And finally, too much stain is just as bad as too little. Always wipe off excess stain. Do this before it dries. It will form glossy spots that don’t look very appealing if you don’t.


Practice your staining technique before you deal with a real piece. Make sure you paint in long, even motions. Apply a pre-stain conditioner if you can. This will improve the stain’s permeability. Once you’re done, wipe off the excess to prevent glossy blobs.

Our final thoughts on wood that won’t take stains in spots

Wood staining can add a nice touch to your wooden furniture. However, it needs to be done right.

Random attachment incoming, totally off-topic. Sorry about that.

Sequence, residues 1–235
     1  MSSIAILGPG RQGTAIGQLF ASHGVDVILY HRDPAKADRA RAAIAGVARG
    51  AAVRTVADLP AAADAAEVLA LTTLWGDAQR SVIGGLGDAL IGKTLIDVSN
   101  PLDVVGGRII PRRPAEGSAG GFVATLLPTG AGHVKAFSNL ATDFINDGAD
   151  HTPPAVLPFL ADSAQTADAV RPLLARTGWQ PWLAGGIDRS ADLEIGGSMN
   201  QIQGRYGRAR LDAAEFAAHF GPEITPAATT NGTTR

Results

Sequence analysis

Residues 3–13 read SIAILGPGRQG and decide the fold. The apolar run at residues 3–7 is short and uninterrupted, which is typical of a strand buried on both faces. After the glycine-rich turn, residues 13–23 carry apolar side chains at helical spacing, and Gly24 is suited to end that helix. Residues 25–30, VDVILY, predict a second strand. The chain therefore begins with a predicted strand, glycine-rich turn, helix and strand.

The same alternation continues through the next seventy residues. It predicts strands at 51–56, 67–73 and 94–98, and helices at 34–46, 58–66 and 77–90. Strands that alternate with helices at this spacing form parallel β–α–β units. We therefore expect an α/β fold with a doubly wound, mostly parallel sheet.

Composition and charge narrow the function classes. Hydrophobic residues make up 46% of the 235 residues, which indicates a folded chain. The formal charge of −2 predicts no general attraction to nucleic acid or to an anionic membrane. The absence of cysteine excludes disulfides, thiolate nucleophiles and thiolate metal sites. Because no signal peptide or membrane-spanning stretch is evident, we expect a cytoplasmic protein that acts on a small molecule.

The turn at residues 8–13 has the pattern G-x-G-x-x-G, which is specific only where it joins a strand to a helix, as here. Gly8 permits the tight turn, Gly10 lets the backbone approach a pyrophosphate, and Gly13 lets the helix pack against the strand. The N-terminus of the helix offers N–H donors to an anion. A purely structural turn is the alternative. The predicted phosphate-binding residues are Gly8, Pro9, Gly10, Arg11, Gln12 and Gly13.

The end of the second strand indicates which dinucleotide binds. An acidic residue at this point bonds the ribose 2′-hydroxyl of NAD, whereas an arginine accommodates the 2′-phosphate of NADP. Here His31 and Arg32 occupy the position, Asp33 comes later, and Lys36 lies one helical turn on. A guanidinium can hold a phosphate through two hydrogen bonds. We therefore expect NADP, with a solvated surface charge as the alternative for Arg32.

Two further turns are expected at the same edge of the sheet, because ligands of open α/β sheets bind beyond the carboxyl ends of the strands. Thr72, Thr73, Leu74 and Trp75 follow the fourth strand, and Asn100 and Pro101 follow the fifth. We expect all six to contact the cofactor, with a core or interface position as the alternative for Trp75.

The main reason your wood won’t take stains in spots is the material. Sometimes, you may buy laminate furniture that looks exactly like a wooden one. But while the looks may be the same, the properties certainly won’t be. Synthetic material doesn’t have pores and thus don’t hold stain.

The same goes for finished wooden surfaces. The finish acts as a barrier between the stain and the pores, preventing it from seeping in.

Some wood types don’t hold stain well, which is another thing to consider when buying furniture.

If you experience any of the above, your best bet is to use paint or gel stain to cover the surface.

Apart from that, make sure you don’t sand the surface too much and use a good staining technique.